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Thursday, October 22, 1998 Published at 08:47 GMT 09:47 UK

Business: The Company File

Gloomy day for UK car industry

Mandelson: not in the driving seat

The future of the UK's car industry is looking increasingly gloomy as Rover discussed plans for further job cuts on the day that Ford said it is to cut production in the run-up to Christmas.

But while Rover blames poor productivity at its Longbridge plant for the job cuts, Ford's Dagenham plant has seen productivity increase dramatically over the last few years and the company blames falling export demand for its decision to cut back production.

Mandelson meets Rover

The UK Trade and Industry Secretary Peter Mandelson has held talks with the chairmen of Rover and BMW to discuss plans to cut 2,400 jobs, mainly at Rover's Longbridge plant in Birmingham.

Stephen Evans reports on the problems facing Rover
Bernd Pischetsrieder, chairman of Rover's parent company BMW, said it had been a "good meeting" and "we informed the government of what the situation is."

Mr Pischetsrieder said he had not asked Mr Mandelson for any specific aid.

The Trade Secretary has already ruled out any government intervention to reduce the job losses and made it clear that it is up to the company to "sharpen up its act".

"Ultimately it is for the company to rise to the challenge and to ensure that Rover continues to thrive in the global marketplace," Mr Mandelson told the Commons.

Chancellor Gordon Brown reiterated the stance when he told the BBC's One O'Clock News that Rover was in trouble because of low prodictivity, not the high pound or interest rates, restating his position of earlier this year.

[ image: Tony Woodley:
Tony Woodley: "Serious shock for workers"
Union officials are continuing to discuss their response to being told to accept the redundancies or face the closure of the factory at Longbridge.

According to the unions, such a move would jeopardise up to 14,000 jobs at Rover and 50,000 with suppliers.

Chief negotiator of the Transport & General Workers Union and Chairman of the Joint Unions Committee at Rover, Tony Woodley, said the unions had not yet accepted the job cuts, but stressed that nobody doubted the seriousness of Rover's situation.

Tony Woodley, chief negotiator for the unions, says BMW told them job cuts were imminent
He said Rover suffered not only under the high value of the pound, but from a "short-term cash and confidence problem" as well.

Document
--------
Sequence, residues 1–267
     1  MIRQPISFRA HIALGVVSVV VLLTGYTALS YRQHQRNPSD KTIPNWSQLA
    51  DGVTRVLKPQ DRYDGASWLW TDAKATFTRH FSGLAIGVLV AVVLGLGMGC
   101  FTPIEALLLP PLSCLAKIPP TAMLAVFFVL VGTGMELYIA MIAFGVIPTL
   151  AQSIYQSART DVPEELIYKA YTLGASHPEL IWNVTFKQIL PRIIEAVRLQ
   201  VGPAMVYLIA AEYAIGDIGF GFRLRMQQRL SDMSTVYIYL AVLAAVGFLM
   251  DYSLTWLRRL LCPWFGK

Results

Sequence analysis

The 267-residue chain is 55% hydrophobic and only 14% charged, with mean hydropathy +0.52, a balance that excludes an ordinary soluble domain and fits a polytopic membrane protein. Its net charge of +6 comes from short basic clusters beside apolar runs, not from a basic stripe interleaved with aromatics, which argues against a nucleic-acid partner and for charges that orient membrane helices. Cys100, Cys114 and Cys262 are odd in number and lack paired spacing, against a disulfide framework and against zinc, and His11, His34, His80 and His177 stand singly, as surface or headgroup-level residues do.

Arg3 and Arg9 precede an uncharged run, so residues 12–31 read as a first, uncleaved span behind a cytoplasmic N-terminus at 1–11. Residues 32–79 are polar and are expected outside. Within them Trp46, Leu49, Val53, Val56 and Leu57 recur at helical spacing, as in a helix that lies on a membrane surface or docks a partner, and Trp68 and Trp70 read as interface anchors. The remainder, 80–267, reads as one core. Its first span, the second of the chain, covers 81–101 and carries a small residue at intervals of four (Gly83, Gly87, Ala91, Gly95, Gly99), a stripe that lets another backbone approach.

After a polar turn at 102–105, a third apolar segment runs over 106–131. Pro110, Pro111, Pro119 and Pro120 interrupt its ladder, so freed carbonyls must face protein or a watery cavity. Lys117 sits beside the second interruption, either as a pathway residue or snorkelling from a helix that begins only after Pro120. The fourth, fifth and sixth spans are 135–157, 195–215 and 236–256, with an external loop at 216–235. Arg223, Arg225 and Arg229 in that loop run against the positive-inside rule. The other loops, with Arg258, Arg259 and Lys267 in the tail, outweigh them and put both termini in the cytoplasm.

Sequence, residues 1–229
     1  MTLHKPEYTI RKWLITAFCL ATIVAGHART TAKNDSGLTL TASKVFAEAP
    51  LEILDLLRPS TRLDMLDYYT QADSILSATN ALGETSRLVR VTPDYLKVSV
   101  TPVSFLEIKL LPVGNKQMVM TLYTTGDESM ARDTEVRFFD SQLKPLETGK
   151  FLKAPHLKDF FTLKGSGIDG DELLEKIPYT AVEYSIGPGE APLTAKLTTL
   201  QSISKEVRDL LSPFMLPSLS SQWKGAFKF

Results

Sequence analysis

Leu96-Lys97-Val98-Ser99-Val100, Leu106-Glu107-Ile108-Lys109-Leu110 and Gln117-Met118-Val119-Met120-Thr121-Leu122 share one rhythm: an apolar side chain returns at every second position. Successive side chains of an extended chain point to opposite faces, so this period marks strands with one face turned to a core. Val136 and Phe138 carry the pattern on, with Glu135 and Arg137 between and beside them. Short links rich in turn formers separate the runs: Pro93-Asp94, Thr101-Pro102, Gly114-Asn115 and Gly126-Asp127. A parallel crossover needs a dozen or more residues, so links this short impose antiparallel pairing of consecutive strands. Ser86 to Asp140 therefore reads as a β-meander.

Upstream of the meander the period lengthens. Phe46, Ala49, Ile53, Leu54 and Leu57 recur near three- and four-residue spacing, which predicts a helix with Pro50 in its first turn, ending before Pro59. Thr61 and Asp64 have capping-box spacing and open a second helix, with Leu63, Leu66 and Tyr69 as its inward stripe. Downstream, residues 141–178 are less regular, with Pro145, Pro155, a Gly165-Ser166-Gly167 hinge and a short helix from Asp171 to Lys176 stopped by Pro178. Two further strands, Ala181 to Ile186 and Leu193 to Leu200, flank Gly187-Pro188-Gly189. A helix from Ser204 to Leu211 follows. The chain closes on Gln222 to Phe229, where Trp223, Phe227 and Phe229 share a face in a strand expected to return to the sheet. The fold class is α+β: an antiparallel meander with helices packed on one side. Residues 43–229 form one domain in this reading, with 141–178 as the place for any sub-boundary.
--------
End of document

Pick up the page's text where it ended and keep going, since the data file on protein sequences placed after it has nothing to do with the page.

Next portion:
Rover's problems have caused a political dispute, with the opposition accusing the government of causing the crisis.

Mike Williams looks at the evolution of goverment industrial policy
Traditionally, Labour governments have had a hands-on approach to industrial negotiations, especially during the strike-ridden 1970s.

In today's market however, with decisions affecting British car production being made in Munich and Detroit, this is no longer viable and Mr Mandelson is insisting that the issue has to be resolved between management and unions.

Management believes that the low productivity of the workforce compared to other car factories is the main problem.

Rover's Bernard Carey says the company wants its workers to be more flexible
Before meeting the unions, Mr Pischetsrieder said : "The shareholders of BMW can't be prepared to spend money in a business that hasn't a viable output and therefore the productivity gap has to be closed."

Rover's management says that as well as job losses, it is pressing for other cost saving measures, including a possible wage freeze and changes to working practices.

Ford sees exports fall

Ford has announced further production cutbacks at its biggest UK plant because of a fall-off in exports.

Its plant at Dagenham in Essex, which is already on a four-day week, will not produce cars on eight extra days in November and December.

The company said the move was part of a continuation of the "softening" of exports and was not linked to the strength of the pound.

The company stressed that no worker would be laid off or made redundant despite the cutback in production.

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